Gaming difficulty is history

Decline of the OUCH-factor?

Posted by a fellow gamenerd of mine this morning. While his post was mostly directed at video games on console, there’s essentially no difference of platform here and none between offline and online games either. Never have these media been closer than today, if not even multi-platform.

Game difficulty is a tough nut to crack, especially from a historical point of view – what was really harder about old games vs. what was simply broken? Are today’s games challenging in other ways maybe or should we admit that they had to become easier in order to motivate and appeal to a wider mainstream audience? After all, what good is a game that only a handful of players have the nerve to beat?

As for MMORPGs, the question is roughly the same and so are the factors to be taken into account. Have they become too popular and too polished to be hard(-core)? If so, is there a limit to how far this should go?
There is still a strong belief among some players that more than for other games, MMOs allow the player to create his own adventure and find his own challenges; personally, I find this a rather weak point when I look at today’s MMO tops. It assumes that the player is given enough freedom to do so, the tools to shape and co-create content and impact. It also assumes that said concept is not being “disturbed” from the developer’s side.

But then, maybe we should be looking at entirely different games? Less well-known, less popular – more difficult? You decide.

5 comments

  1. I hear Demon’s Souls is pretty brutal. Ninja Gaiden was evil in the NES days, and I hear the most recent version is similarly tough… but for different reasons.

    I think that the “NES Hard” phenomena was ultimately just bad design with “gotcha” cheap kills and harsh punishing mechanics. The NES Battletoads was an awful, mean game, for one, designed to punish the players. (Tangential: punishment and challenge are two different things, but Battletoads had both in spades.) Sure, some players loved it, but I maintain that they are masochists more than gamers.

    These days games are better designed overall, and fairer in their punishment. Some of that is indeed meant to appeal to a wider player base (making games is expensive), some of it is just the evolution of design beyond rocky toddler years.

    Still, I think games should have a spectrum of difficulty settings, and should be player adjustable. High challenge and high punishment are niche products, but there is money in the niches. If you can capture a big core audience and still cater to the niches with a few toggles, why not?

  2. “but I maintain that they are masochists more than gamers.”

    haha…I give you that, Tesh! :D
    I think it’s just very satisfying to some players to know that they beat something horrible – even if it was badly designed there’s that grim pride to know that you did it. somehow it’s just human nature to make a virtue out of your “suffering”.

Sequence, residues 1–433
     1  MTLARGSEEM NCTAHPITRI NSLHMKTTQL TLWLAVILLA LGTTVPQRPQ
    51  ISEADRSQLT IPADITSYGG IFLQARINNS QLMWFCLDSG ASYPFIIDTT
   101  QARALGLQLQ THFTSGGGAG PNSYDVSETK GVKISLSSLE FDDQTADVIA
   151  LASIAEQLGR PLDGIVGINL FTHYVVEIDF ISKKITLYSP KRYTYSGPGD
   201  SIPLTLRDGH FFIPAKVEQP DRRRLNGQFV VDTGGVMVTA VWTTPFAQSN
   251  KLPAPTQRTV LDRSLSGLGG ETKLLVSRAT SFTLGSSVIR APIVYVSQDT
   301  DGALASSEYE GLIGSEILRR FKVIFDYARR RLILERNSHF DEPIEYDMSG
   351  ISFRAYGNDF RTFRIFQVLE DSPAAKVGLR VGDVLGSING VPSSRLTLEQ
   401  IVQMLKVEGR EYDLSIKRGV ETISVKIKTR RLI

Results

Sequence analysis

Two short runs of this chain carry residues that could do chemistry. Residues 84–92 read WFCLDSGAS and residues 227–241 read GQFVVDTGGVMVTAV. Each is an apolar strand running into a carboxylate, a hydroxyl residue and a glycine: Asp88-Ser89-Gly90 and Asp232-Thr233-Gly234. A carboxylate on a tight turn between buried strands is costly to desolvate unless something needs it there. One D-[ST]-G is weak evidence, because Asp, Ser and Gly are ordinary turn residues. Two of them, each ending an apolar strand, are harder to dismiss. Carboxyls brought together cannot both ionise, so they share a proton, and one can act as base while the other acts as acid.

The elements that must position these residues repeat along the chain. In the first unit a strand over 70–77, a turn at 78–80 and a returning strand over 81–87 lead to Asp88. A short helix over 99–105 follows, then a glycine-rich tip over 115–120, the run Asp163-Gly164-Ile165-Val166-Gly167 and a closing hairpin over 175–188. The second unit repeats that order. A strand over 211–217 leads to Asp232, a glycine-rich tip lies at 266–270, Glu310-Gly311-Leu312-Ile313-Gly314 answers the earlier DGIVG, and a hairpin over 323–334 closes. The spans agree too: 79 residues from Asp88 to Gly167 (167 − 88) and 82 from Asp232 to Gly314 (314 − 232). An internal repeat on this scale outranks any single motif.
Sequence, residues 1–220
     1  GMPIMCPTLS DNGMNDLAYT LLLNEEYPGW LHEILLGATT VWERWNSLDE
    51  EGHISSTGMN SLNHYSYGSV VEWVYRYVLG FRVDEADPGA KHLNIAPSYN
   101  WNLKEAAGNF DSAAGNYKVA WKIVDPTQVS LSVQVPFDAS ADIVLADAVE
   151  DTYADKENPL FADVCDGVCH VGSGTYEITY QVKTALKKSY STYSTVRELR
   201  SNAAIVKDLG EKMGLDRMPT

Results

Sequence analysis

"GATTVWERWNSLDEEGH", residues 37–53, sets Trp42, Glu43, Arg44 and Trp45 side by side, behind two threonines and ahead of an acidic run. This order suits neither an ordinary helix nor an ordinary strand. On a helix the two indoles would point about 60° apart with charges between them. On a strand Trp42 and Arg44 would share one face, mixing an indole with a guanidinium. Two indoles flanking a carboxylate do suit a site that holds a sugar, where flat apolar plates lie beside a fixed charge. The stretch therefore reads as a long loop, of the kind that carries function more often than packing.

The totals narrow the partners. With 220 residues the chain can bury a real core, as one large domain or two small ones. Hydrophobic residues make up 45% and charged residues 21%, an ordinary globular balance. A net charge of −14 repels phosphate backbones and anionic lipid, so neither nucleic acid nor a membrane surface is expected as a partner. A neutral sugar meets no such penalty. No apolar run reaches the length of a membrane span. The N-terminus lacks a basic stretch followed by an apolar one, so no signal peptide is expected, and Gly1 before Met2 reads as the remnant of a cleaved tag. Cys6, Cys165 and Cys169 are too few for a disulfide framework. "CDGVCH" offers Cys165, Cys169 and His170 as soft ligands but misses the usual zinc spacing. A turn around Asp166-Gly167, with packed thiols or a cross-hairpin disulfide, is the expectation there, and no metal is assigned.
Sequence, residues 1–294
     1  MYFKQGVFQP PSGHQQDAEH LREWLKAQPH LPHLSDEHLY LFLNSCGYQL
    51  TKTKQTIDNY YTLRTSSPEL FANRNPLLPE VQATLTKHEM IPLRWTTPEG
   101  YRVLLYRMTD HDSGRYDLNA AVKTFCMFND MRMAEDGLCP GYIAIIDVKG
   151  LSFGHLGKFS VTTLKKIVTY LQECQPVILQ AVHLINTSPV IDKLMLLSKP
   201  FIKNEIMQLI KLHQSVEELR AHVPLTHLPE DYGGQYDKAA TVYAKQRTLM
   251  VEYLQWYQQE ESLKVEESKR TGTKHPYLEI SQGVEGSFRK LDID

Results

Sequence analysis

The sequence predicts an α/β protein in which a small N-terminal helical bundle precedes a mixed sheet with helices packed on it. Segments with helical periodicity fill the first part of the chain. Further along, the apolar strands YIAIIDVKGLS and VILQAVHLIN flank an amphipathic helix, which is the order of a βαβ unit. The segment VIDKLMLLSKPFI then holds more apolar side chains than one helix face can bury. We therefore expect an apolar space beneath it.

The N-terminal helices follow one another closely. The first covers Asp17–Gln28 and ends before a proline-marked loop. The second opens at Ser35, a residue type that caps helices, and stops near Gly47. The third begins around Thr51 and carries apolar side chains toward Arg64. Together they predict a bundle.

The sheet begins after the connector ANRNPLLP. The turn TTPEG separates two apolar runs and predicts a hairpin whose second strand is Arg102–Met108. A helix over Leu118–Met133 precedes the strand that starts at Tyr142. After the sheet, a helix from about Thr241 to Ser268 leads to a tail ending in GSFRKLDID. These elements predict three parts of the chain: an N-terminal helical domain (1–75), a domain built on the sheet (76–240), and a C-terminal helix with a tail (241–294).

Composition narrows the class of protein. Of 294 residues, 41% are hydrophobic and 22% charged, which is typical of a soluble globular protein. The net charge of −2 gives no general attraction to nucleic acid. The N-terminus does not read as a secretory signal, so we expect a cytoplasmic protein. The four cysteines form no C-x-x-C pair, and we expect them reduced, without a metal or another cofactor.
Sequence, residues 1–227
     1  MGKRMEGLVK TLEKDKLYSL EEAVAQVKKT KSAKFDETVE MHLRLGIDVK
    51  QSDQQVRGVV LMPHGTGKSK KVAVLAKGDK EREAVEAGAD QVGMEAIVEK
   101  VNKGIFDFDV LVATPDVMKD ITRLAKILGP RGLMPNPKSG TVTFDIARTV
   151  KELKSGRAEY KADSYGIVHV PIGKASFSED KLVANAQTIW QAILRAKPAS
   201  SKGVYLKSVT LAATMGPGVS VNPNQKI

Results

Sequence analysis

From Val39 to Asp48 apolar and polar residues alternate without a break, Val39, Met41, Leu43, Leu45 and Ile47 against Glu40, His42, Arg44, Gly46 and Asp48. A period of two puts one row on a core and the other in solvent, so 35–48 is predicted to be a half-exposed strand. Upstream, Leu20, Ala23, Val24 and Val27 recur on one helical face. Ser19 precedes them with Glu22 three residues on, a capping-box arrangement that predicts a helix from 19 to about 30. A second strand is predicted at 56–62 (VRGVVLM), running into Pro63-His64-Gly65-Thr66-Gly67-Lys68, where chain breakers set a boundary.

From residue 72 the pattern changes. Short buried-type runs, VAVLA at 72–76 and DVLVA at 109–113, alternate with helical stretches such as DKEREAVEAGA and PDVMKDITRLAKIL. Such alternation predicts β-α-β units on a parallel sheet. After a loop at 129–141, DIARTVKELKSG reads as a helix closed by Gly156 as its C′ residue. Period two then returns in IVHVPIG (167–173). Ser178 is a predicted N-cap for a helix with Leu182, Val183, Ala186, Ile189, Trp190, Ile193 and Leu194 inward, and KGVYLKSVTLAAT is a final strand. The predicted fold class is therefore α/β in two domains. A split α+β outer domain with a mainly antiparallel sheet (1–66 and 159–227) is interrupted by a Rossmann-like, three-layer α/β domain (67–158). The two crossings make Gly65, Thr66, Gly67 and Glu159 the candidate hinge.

And if they can cater to different levels and audiences within the same game, I’m all for it – I just feel it doesn’t work nearly as well in MMOs as it does in a classic game because of the whole social factor.

    @Grumpy
    Moooooo!! ^^

  3. Just like the cartoon depicts, there is no relief without struggle first. There is no reward without risk first. If you want more of the latter, it must be balanced against more of the former. Trying to separate the stinging from the soothing results in a marginalized experience.
    Now, there’s also such a thing as too much struggle for too little payoff, and many older titles I feel were guilty of this.
    Here’s a question. It’s possible to be having *fun* while being challenged, just like it is *fun* to earn a reward. Perhaps: are you *really* having ‘fun’ playing today’s games? ‘Yesterday’s’ games?

    I cast my ballot into the pile yours occupies. (Long time lurker, thanks for all the great articles!)

  4. @Triple

    Hi there and thanks a lot! =)

    I agree completely of course, there’s only light where there is shadow and we can only appreciate the balance between these two poles. there’s no real feeling of achievement without challenge or struggle (often they are the same). it’s a developer’s big task to find the right balance which no doubt is tricky.

    concerning your question – “It’s possible to be having *fun* while being challenged, just like it is *fun* to earn a reward” –

    I don’t think these are 2 seperate things, or rather like you said yourself: it’s not the reward that matters (=is fun) in itself, but overcoming a challenge for the reward. so both challenge and reward are together on the same side, producing the fun. in that sense, both of them are fun to us. :)

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